You’ve probably experienced the feeling of confusion when trying to select the correct home air filter for your needs. What’s the best one? Should you just get the cheapest? These are just a couple of the questions that make selecting home air filters so mind-boggling. Let Service Experts Heating, Air Conditioning & Plumbing attempt to resolve your home air filter questions and allow you to continue enjoying the comfort of your home without concern.
Here’s an easy way to determine how efficient your old filter is (NOTE: To avoid a big mess, we highly recommend conducting this test outside or over a protected surface): Hold the filter horizontally, then taking everyday table salt, start pouring the salt through the filter and see how much comes out the other side. If some or all the salt falls through the filter, then you can assume that the filter will let dust that same size flow through. You should probably upgrade your filter to higher quality filter that is more efficient.
There are 3 primary considerations when choosing a household air filter; Size, Material and MERV rating.
1) Filter Size
Unless you have the proper size home air filter, you will never enjoy the full effectiveness your system and filter can provide. Simply look at the label of your existing filter to see the height by width and thickness, or just measure it yourself. The majority of home air filters are 1” thick, but there are a numerous standard width and height dimensions, and some systems have thicker filters.
2) Material & MERV Rating
MERV ratings are the efficiencies of the filter on a scale of 16. MERV stands for Minimum Efficiency Reporting Value. This number tells the user, under the least efficient conditions, how well the filter is designed to trap contaminants.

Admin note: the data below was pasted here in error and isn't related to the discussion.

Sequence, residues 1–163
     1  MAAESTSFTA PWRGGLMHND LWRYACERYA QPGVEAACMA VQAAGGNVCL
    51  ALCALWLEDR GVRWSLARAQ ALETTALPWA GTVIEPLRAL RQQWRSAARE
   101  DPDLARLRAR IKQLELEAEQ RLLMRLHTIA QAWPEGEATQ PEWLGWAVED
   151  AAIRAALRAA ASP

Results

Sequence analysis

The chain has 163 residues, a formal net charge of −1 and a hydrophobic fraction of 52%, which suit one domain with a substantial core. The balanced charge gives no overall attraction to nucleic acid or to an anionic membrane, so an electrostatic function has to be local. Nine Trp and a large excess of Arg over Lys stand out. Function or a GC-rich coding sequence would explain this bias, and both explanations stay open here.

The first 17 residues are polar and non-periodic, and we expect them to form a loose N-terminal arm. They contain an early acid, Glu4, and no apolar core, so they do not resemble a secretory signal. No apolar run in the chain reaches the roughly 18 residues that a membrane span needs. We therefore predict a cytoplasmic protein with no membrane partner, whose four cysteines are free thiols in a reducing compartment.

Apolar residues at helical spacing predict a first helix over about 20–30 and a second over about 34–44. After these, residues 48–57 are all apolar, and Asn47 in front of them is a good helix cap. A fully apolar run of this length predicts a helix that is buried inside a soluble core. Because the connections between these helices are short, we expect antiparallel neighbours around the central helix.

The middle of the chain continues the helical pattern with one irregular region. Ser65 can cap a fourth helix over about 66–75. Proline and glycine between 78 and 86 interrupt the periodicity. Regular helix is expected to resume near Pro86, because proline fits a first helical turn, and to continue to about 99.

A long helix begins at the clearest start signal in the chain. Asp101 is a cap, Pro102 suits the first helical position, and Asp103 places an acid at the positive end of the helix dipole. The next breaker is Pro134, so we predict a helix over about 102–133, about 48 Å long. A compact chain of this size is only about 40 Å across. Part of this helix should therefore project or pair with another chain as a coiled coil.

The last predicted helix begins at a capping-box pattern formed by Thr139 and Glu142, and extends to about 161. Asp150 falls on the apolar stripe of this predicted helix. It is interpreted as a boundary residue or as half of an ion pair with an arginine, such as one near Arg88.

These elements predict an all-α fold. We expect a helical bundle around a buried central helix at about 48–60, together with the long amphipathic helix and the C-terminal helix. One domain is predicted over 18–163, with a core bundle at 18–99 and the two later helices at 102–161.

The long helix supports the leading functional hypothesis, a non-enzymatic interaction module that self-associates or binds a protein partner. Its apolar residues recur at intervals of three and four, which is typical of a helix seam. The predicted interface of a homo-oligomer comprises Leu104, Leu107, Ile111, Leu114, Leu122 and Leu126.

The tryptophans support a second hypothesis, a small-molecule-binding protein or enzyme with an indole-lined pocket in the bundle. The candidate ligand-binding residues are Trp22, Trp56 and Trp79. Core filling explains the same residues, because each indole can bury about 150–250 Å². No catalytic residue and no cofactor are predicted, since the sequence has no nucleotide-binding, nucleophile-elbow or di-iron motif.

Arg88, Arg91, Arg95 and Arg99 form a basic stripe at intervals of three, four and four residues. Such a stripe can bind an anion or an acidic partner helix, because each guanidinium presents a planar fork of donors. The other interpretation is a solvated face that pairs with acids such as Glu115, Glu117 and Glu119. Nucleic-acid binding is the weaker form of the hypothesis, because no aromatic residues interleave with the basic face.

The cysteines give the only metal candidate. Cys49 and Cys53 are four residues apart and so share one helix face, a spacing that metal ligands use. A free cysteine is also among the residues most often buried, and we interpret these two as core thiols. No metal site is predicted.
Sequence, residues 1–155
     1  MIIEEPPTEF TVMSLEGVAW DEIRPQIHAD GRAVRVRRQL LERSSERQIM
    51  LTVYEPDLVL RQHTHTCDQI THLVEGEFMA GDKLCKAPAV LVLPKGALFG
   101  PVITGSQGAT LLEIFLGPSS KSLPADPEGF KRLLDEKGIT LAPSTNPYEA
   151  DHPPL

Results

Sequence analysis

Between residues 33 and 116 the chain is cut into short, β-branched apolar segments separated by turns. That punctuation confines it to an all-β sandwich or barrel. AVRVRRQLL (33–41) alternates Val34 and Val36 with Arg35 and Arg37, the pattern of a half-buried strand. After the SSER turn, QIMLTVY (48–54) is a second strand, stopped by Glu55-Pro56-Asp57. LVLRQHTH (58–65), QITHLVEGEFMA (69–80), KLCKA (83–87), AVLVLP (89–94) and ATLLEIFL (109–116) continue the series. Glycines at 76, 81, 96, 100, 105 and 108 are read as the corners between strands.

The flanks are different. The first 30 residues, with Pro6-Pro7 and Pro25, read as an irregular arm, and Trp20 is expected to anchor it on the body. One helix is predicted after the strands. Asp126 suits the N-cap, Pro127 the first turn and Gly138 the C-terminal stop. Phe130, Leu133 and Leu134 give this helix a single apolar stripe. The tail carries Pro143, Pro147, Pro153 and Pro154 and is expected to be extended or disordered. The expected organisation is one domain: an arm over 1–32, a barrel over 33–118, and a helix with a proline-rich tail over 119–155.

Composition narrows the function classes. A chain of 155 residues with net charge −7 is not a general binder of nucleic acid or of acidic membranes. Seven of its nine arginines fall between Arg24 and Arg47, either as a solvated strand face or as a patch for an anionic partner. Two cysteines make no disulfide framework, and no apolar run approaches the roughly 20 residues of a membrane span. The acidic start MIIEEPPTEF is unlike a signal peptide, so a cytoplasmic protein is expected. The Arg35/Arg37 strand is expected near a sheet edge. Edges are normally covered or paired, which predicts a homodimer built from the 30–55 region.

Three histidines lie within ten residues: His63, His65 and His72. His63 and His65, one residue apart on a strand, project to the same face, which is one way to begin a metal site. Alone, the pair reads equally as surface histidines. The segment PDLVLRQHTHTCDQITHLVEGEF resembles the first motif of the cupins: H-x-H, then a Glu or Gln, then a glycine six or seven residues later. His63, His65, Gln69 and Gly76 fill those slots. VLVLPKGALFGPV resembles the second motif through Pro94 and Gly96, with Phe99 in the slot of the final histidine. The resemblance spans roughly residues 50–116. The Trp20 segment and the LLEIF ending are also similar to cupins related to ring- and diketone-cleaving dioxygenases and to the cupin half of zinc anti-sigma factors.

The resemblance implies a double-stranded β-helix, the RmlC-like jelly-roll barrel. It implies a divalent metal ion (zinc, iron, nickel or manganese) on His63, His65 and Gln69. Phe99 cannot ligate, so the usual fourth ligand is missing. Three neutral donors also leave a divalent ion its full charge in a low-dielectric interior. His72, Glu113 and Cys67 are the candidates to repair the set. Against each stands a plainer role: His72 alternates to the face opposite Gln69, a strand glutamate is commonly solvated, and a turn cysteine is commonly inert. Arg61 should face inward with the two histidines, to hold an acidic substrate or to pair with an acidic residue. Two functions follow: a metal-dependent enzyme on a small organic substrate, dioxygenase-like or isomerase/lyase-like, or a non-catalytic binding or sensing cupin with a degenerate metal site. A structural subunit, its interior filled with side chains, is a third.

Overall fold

To help explain the scale of this system, these are some typical MERV ratings and how they correspond to efficiencies. This is only a guide, so make sure you read the filter manufacturers’ information when buying specific filters.
Rating Average Filtration Efficiency
MERV 1-4 60-80%
Fiberglass, Disposable Panel, Washable metal/synthetic, self-charging (Passive)
MERV 5-8 80-95%
Pleated, Media panel, Cube
MERV 9-12 >95%
MERV 13-16 >98%
Be Careful About High MERV Ratings
While a higher MERV number may provide better filtration efficiency, it is critical to understand that too high a MERV filter may also take more to operate your furnace and AC system. The higher the MERV, the more difficult the air may flow through the system, and the harder the system may need to work. Your goal is to get the right balance between air flow, air filtration level and energy efficiency.
Look at it this way, the most efficient ‘filter’ would probably be a piece of plywood that stops ALL contaminants and all the air from entering your the U.S. home. That’s definitely the “best” air filtration, but would also be a terrible way to live.
Your best bet for most systems would be a MERV 6-8. A higher MERV filter should be used based upon the advice of your Service Experts Heating, Air Conditioning & Plumbing representative to ensure your system has the capability of moving the correct amount of air through higher efficiency filters. You normally do not want to give up energy-efficiency for filter efficiency; you want a balance of the two. However, if your family deals with allergies or respiratory problems and needs a high MERV air filter, consider a whole-home air filtration solution that will satisfy your energy and filter efficiency needs.
Filtration has changed significantly over the past several years. In the beginning, home air filters were used in the furnace or air handler only to safeguard the comfort equipment itself. But (in the words of Bob Dylan) the times they are a changing. the U.S. area homeowners expect their air filter to save children from a whole host of harmful pollutants, dust mites, and even prevent the need for dusting. Dare to dream!
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